MEDICO!,” calling for medics to enter the market to
treat the wounded. At this point, the Colombians, who
were tasked with triage and initial treatment of the
wounded, entered the market along with the Brazilians,
whose task it was to assist the Colombians with
treatment, assisting in the movement of casualties, and
providing security for the market along with the
Chileans.
Chilean Air Force Commandos secure the LZ after
disembarking from a Singapore Air Force CH-47SD Chinook.
Photo: Joe Copalman
repeatedly throughout the day at Playas.
Within a matter of minutes of all units gathering at the
rally point, they moved out. The Chileans were first,
peeking out onto the street from the corner of a block
wall to make sure the path to the market was clear of any
visible insurgents. Within seconds, the rescue force was
making its way – slowly and silently – toward the market.
Once at the market, the Marine attached to the FACh
Commandos spoke with the contractor standing guard,
getting an up-to-the-minute status on the situation in
the market before sending troops in to treat and recover
the wounded. The Chileans again led the way, swiftly
clearing the market. Upon their first encounter with
wounded, the Chileans began shouting “MEDICO!
A Marine Force Recon adviser points out a rally point to a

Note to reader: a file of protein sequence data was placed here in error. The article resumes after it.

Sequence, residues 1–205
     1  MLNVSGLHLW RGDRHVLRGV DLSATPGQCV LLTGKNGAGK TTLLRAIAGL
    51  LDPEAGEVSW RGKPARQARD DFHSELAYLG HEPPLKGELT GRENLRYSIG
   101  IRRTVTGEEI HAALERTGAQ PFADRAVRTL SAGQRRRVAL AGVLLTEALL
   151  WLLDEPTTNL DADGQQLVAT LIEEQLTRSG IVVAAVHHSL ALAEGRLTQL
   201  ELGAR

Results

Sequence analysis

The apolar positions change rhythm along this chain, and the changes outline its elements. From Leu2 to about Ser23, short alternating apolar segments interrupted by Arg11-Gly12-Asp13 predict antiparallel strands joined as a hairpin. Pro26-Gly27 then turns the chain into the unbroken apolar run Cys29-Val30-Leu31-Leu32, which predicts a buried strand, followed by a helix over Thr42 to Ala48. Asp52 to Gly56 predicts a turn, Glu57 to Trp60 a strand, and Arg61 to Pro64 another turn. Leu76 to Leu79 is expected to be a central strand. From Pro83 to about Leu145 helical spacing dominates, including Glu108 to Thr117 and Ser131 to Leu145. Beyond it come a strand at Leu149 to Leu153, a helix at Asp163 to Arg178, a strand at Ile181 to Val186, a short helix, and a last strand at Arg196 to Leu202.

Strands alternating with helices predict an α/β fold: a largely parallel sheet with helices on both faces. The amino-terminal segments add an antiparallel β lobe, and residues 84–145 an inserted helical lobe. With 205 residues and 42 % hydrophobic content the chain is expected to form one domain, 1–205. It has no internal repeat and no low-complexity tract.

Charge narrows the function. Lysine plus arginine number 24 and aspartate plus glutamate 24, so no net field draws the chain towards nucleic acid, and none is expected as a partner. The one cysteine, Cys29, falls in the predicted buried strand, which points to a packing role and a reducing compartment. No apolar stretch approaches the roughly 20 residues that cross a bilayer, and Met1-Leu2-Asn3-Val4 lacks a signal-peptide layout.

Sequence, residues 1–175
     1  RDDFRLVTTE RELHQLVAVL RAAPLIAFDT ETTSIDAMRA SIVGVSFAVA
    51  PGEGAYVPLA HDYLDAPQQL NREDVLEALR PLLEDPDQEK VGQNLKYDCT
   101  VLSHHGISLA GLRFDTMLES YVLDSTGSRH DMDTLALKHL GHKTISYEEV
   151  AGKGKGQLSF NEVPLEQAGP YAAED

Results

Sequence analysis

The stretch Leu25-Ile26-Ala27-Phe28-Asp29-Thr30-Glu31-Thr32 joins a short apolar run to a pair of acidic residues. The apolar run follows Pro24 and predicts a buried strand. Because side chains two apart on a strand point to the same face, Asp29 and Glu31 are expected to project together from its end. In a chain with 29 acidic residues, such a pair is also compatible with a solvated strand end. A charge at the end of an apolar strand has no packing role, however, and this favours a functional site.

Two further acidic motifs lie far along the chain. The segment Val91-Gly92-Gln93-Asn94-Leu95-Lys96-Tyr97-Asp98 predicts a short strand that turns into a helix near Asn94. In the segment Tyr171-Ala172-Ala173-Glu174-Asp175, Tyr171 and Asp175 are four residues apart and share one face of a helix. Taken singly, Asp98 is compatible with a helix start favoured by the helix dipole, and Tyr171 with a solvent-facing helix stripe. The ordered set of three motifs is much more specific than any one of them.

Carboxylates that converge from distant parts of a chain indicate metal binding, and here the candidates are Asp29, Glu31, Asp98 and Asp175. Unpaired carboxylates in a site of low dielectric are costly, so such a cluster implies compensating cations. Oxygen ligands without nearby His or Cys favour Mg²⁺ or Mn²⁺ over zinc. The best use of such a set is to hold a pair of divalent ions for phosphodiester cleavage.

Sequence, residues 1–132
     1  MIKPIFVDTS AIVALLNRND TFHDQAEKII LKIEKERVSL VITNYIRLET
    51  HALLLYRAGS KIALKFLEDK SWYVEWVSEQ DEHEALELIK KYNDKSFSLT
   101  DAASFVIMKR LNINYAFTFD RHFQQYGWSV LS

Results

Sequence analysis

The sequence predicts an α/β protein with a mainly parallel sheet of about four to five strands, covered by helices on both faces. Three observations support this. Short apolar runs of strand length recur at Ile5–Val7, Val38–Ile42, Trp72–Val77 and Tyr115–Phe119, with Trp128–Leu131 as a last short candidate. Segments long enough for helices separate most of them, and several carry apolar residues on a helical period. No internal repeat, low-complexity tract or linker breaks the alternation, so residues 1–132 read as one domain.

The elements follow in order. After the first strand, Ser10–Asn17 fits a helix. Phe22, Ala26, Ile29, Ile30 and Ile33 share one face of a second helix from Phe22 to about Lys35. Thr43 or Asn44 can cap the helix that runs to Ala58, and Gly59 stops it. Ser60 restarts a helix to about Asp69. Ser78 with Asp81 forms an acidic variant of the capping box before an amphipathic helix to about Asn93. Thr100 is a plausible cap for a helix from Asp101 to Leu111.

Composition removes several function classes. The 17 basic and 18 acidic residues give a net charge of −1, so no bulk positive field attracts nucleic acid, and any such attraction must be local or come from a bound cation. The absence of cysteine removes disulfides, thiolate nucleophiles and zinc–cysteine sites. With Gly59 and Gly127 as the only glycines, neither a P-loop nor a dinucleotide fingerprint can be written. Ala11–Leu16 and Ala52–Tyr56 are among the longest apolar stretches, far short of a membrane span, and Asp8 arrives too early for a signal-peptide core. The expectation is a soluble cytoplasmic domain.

mixed force of Brazilian and Colombian Air Force Commandos
after disembarking from a Republic of Singapore Air Force
CH-47SD Chinook. Photo: Joe Copalman
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RSAF Chinook about descending into its own brownout
upon landing on the soccer field at Playas. Photo: Joe
Copalman
Brazilian commandos arrive at a rally point near the LZ to
coordinate with Force Recon Marines and Colombian and
Chilean Air Force Commandos on moving toward the four
incident sites at Playas. Photo: Joe Copalman
FACh Commandos take the lead in clearing the way from
the rally point to the Afghan Market. Photo: Joe Copalman
Observers from several foreign
militaries watch as the multinational
force secure the market and triage
casualties in preparation for
evacuation. Foreign participation is
strongly encouraged, but nations
interested in being a part of Angel
Thunder must first send observers.
Photo: Dave Shields
“¡MEDICO! ¡MEDICO!” FACh commandos search the Afghan
market for threats, instead finding large numbers of
American military casualties sheltered in the various
storefronts and calling for medics to treat the wounded.
Photo: Joe Copalman